JOINT BASE LANGLEY-EUSTIS - The Honorable Thomas R. Lamont, Assistant Secretary of the Army (Manpower and Reserve Affairs), was invited by Gen. Robert W. Cone, commanding general of U.S. Army Training and Doctrine Command, to get a firsthand look Feb. 9 at how the Army's Learning Model enhances real-world water logistics missions.
Lamont toured the U.S. Army Transportation School's Maritime and Intermodal Training Department's Simulation Training facility and visited with Army mariners of the 7th Sustainment Brigade.
Mariners from all branches of service are afforded critical training at the simulation training center on a variety of scenarios geared toward increasing their overall ability to provide global water logistic capability whether in a combat environment or in support of humanitarian assistance missions, which for mariners assigned to the 7th Sustainment Brigade is a basic component of their daily operations.
"Simulation training gives the Soldier the feeling of being on a real ship," said Chief Warrant Officer Timothy N. Turner, marine operations officer in charge, 7th Sustainment Brigade. "Wave action, ship board systems, electronics, vessel traffic and background noise are variables the simulation can emulate. This allows us to keep the Army mariner proficient on vessel maneuvering, practical navigation, and the use of shipboard electronics such as radar and the Electronic Chart and Information System."
The first stop of the morning for Lamont was the simulation center where, within minutes of entering the building, he found himself standing on the bridge of an Army Landing Craft Utility alongside Cone, navigating choppy waters in an attempt to steer clear of approaching enemy watercraft. It was an appropriate precursor to the second portion of the visit, boarding and operating the brigade's Small Tug-900 in the waters surrounding 3rd Port.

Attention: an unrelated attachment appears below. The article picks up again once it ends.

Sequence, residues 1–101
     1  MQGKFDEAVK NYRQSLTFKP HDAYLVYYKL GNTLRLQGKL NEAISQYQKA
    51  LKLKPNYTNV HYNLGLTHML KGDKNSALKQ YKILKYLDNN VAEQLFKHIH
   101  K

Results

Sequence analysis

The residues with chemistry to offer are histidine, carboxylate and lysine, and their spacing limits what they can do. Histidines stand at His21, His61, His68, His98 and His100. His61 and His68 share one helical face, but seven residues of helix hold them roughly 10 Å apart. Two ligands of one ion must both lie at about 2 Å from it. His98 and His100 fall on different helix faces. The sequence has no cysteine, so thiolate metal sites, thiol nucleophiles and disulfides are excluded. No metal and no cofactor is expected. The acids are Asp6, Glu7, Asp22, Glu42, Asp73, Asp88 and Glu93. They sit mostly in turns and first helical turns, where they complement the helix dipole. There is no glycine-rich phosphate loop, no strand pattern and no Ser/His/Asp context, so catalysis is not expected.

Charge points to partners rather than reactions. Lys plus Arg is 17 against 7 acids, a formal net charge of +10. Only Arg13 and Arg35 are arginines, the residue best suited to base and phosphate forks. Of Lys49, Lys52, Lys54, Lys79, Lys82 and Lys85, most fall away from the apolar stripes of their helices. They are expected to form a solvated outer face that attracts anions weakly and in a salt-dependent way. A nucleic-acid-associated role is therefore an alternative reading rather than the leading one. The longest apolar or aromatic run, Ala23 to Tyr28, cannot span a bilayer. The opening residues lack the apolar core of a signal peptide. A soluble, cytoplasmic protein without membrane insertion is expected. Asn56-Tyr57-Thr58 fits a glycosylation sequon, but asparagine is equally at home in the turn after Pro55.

On board the ST-900, Lamont asked vessel master Sgt. 1st Class Brian Shay, watercraft operator, 73rd Floating Craft, 10th Transportation Battalion, about his career as an Army mariner. Lamont then stepped in to the "driver's seat" to man the watercraft under Shay's watchful eye as he sailed the waters of 3rd Port.
According to the January 2011 TRADOC Pamphlet 525-8-2, "The U.S. Army Learning Concept for 2015," the Army Learning Model signifies a shift from concept to deliberate actions that will change the Army's individual learning methods and processes from a platform-centric, place-dependent model, to one that is as adaptable as our operational forces.
The ALM's adaptability provides an integral aspect in the enhancement of Army maritime training and the brigade's water logistic capability.
"The simulation center is used as a training tool for watercraft units on their road to war," Turner said. "Units conduct realistic team-building training while operating their vessel in various ports they would find during their deployment.
"Examples would be a Pacific Reach exercise in Japan. LCU crews (watch teams) are required to conduct simulation training, which introduces everything from local fishing vessels to force protection scenarios while operating in various ports and traffic schemes found in the region. This not only gives the watch team the ability to build cohesion, it allows the Army mariners to familiarize themselves with the terrain."
A key advantage of the training is its economic feasibility.
"Simulation training maintains our mariner's skills and at the same time reduces the cost and manpower needed to get a vessel underway," Turner said. "A bridge team of three to five Army mariners can conduct a few hours of training without involving an entire unit."